The simple answer is ‘it should not be’, but in reality it is, but is it.
I use home care on a 24/7 basis to care for my daughter, who lives with me in our own home. My daughter will be 53 on 19 December 2020 and has multiple physical and severe learning disabilities and also autism.
As we are in a Tier 3 area she is not able to go out for lunch and has not been since February/March 2020, which she did 3 times per week. In addition she lost her mother and my wife on 26 September 2020, from non-COVID-19 conditions.
Although we have tried to explain why and that she will not see her mother again, we are not sure how much she understands and it is a considerable loss to her routine.
While she can communicate verbally, to some extent, she mainly decides not to do so, be this because she has decided so, or is unable to comprehend how to, we do not really know and will self-harm, lash out to harm others, etc, but to her this is another form of communication. If we put reasons forward, such as do you miss, Zoe, her Mum, or not going out, she will say yes, because she does and will say what she feels we want to hear, but it may not be correct, mixture of reasons or something new.
However, we have a very excellent team of carers, who understand that she does not mean to act in this way and do all they can to calm the situation, which generally does not last for long and afterwards she appears to be OK, but is she really?
The carers are also missing Zoe and I certainly am and we understand the situation, but we have difficulties managing our feelings and if we do not it is generally expected that we are trying to cope.
So, why do some people not extend this to people with disabilities, for that is the problem, not persons with disabilities, for they are just trying to live their lives the best they can.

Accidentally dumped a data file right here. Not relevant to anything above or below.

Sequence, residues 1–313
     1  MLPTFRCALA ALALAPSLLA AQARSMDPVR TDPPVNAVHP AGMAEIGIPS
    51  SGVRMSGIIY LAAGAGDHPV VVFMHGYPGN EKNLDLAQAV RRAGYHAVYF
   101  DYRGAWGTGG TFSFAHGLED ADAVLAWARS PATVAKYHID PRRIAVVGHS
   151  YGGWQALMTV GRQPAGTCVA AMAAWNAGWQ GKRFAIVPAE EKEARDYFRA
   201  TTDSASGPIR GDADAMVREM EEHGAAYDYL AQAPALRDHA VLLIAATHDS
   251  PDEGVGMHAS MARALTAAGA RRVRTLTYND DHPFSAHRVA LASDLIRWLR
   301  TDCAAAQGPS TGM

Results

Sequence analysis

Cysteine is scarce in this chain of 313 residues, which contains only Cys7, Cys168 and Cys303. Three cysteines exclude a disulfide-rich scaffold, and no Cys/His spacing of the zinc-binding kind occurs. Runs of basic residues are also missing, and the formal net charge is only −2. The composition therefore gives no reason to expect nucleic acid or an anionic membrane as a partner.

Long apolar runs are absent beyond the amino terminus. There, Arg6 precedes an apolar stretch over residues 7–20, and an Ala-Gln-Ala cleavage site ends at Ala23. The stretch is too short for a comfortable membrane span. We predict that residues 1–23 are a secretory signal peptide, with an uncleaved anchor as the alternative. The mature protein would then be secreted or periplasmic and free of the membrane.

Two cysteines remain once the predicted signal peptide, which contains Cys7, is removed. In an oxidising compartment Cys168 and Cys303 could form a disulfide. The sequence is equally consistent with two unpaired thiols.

Rather, than concentrating on why people with disabilities react in certain way, sure we should be concentrating on why some carers are not working in ways that they should.
Is it because, they put themselves first, do not care, a lack of understanding, a person who should not be in the caring profession, a really bad person, etc.
So, we look at those who do care and do show understanding to be the exception when it should be those who do not.
Caring is not understood by many and some of these are in the caring profession.
But it is not just the care workers, for some in management are also not working correctly, as they,
- do not manage quality and in doing so allow bad quality care to be done
- are also there for themselves instead of the persons in need of care and their care workers
- have a ‘cavalier’ attitude to working practices
- and others
But the monitoring of care is also falling well below the standard required by both the Care Quality Commission (CQC) and Local Authorities, who, I feel concentrate far too much on record keeping, rather than actual care delivery.
Yes, good quality records do need to be maintained, but in reality anything can be written down, for who is to say that the written record is correct and even then some organisations can not even keep good quality records.
More needs to be done and the poor and bad organisations and the similar care workers should be ‘weeded’ out of the profession.
But due to years of major underfunding of Social Care, by this current Government and many previously, there is, I feel, a misplaced view, perhaps by some Local Authorities, that they wish to maintain the current amount of Care organisations, rather than to remove some. For in my own area of the UK I am aware of some organisations who should not be there, but, in some respects, the proof is not easy to find, as you can not go on ‘here say’.
While, I myself will speak out about practices I feel are bad, there are many persons in need of care and also their families who are reluctant to for many reasons
- have complained before and not been listened to